Right, rant over. One last thing…. of you are a media exec looking for disabled talent…. gizza a job! (Shameful I know…. but if you don’t ask, you don’t get!)

The Podcast is available from the BBC Ouch website now!

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Shrink Wrap this weekend on BBC3CR

The face for radio?

A face for radio?

This Sunday I am appearing on the BBC 3 Counties radio show Shrink Wrap, chatting about my experiences of education. The show is all about Inclusive Education and SEN provision, so I went off to Putteridge High School, my old high, to chat with the students and staff about what it is like to go to a mainstream school if you have an impairment. I was the first disabled kid to attend Putteridge and I know how much it set me up to be the man I am today. The biggest thing I gained from my time at school is the knowledge that just because I have an impairment doesn’t mean I am any less than anyone else, just different. One thing’s for sure… I like being different!

Mikat BBC3CR with Chetna and Toby

In The Studio – Mik at BBC3CR with Chetna and Toby

It is a rather serious subject, and as I sat in the studio listening to Chetna Kang and Toby Friedner, the programs regular hosts, chat with experts about SEN provision and the forthcoming changes on how it works I felt very sorry for parents of disabled kids today. In the program I chat with my Mum to find out what it was like for her way back when I was tiny, but it’s nothing to the hops parents have to jump through now. Typically when it was my turn to join in the atmosphere cheers up to the max, but even though I do like a bit of humour I do hope my key message comes through. I truly believe that we need to work towards an education system that allows everyone to attend the same school, with the chance to study to whatever the child#s ability level is and that allows children to grow up understanding that disability is just part of life. Let’s hope that it happens one day eh?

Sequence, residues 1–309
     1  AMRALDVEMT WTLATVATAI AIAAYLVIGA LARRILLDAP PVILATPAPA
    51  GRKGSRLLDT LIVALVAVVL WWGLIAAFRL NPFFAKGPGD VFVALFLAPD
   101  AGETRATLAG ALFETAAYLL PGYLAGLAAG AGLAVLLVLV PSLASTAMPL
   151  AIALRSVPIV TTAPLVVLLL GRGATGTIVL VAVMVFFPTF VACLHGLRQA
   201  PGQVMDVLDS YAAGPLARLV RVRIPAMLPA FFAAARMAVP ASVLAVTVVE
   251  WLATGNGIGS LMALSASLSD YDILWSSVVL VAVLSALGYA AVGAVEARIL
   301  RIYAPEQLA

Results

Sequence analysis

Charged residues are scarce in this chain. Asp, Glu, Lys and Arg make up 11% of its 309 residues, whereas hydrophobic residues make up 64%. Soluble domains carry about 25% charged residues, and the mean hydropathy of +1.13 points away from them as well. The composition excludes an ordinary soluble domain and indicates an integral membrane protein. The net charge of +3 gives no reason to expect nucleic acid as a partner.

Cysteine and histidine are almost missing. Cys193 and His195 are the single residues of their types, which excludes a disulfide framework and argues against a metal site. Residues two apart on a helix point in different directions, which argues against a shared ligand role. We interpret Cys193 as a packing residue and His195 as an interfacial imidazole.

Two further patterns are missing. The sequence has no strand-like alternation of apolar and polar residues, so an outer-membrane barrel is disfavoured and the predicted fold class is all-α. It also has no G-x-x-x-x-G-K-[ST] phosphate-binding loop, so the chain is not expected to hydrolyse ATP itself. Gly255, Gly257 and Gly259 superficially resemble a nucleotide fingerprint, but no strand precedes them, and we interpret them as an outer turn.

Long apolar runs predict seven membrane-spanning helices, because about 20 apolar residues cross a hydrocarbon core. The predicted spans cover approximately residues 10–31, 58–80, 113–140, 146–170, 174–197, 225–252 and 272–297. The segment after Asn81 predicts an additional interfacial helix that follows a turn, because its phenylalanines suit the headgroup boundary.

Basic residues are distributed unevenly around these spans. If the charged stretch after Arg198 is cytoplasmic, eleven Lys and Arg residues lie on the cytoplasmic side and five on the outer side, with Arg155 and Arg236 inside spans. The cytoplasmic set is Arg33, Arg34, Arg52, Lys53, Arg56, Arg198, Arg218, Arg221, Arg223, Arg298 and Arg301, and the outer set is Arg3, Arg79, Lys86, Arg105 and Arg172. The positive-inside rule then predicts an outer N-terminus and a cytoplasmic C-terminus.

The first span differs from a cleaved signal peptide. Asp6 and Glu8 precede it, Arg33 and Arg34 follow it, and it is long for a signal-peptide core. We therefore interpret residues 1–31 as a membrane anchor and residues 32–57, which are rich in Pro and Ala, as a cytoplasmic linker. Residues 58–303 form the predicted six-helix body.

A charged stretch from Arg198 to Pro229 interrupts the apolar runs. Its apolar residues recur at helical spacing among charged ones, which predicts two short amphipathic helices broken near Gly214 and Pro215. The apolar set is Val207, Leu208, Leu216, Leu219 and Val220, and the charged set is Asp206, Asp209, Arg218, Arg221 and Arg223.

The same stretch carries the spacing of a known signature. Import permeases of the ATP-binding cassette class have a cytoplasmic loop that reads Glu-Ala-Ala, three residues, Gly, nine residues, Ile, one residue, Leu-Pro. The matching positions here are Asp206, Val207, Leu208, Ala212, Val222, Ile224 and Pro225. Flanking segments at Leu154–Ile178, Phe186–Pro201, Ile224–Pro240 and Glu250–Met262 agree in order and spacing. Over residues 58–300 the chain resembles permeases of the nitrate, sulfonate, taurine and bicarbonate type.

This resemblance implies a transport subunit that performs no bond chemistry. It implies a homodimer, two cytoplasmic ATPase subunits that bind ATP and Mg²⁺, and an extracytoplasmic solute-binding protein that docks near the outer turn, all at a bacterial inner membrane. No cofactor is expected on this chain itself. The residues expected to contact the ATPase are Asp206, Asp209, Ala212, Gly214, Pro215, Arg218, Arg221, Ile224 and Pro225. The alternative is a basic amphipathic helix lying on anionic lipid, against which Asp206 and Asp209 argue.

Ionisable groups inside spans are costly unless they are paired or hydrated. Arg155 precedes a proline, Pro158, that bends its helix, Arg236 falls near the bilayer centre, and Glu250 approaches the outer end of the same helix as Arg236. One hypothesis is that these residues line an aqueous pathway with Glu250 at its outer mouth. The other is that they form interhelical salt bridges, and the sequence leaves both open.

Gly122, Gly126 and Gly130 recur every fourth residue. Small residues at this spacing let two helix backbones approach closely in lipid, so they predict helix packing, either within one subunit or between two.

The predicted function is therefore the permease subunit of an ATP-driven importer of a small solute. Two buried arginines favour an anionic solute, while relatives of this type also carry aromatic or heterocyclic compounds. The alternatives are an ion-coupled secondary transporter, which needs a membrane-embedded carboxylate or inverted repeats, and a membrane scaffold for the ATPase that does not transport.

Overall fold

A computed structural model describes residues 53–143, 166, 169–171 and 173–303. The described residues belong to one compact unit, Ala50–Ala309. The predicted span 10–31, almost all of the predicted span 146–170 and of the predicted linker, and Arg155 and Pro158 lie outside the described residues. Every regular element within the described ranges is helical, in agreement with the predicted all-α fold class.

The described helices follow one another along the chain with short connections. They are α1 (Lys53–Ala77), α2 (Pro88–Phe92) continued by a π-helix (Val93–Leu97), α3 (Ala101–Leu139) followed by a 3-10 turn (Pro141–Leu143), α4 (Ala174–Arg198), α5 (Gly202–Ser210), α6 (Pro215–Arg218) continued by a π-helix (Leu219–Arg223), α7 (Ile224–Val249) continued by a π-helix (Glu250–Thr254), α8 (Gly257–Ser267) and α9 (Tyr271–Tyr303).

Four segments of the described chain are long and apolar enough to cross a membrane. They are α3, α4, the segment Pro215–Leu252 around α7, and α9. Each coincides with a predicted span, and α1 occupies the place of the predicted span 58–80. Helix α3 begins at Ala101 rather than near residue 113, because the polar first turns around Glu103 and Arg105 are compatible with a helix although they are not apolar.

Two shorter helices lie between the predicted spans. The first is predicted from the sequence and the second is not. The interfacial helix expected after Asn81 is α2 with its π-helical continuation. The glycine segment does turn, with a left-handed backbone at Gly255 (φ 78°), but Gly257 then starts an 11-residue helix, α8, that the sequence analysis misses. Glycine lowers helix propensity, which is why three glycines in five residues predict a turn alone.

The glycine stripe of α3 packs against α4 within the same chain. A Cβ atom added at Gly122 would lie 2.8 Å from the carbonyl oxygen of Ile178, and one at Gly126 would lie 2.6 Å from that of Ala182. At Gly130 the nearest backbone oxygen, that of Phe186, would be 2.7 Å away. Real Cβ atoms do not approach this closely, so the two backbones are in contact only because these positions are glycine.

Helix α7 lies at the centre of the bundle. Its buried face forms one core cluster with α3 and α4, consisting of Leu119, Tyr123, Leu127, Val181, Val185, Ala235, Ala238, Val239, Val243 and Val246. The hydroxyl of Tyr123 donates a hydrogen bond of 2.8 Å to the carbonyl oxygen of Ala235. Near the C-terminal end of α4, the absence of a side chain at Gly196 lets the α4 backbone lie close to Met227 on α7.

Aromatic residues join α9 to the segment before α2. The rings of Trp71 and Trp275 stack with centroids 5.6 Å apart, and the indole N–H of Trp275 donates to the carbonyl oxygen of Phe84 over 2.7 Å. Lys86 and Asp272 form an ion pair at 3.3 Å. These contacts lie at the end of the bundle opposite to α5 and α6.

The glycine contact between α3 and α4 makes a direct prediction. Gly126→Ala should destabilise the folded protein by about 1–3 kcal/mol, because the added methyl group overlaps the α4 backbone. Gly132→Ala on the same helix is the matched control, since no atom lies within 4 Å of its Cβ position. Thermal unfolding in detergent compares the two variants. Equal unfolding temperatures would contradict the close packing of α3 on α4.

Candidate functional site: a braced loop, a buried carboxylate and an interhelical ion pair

To hear the show, either tune in to BBC3CR on 95.5FM or 103.8FM or listen via i-Player.

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New Article Round-Up

Here’s a round up of some of my recent articles.

First is a  piece on Wheelchair Dance in Disability Now, as it doesn’t matter whether you live on wheels, legs or both you can cut a rug on the dancefloor.

Then I have an article on sex and disability published on Miss Alice Gray‘s website. It’s the first of a two parter, with the second art being more of a “how-to” guide to sexiness and disability.

I have also joined the writing team at Disability Horizons as an occasional contributor. My first story for them was about dressing up for the party season if you are disabled, called Festive Fashion, but it works for all times of year. You know me, I never need a reason to dress to impress… or shock! The next article for DH is on the recent casting at the BBC for the cream of disabled acting talent which asks Is It Time For Our Close Up? Ages back I wrote my views on Assisted Suicide, so if you missed it maybe check it out.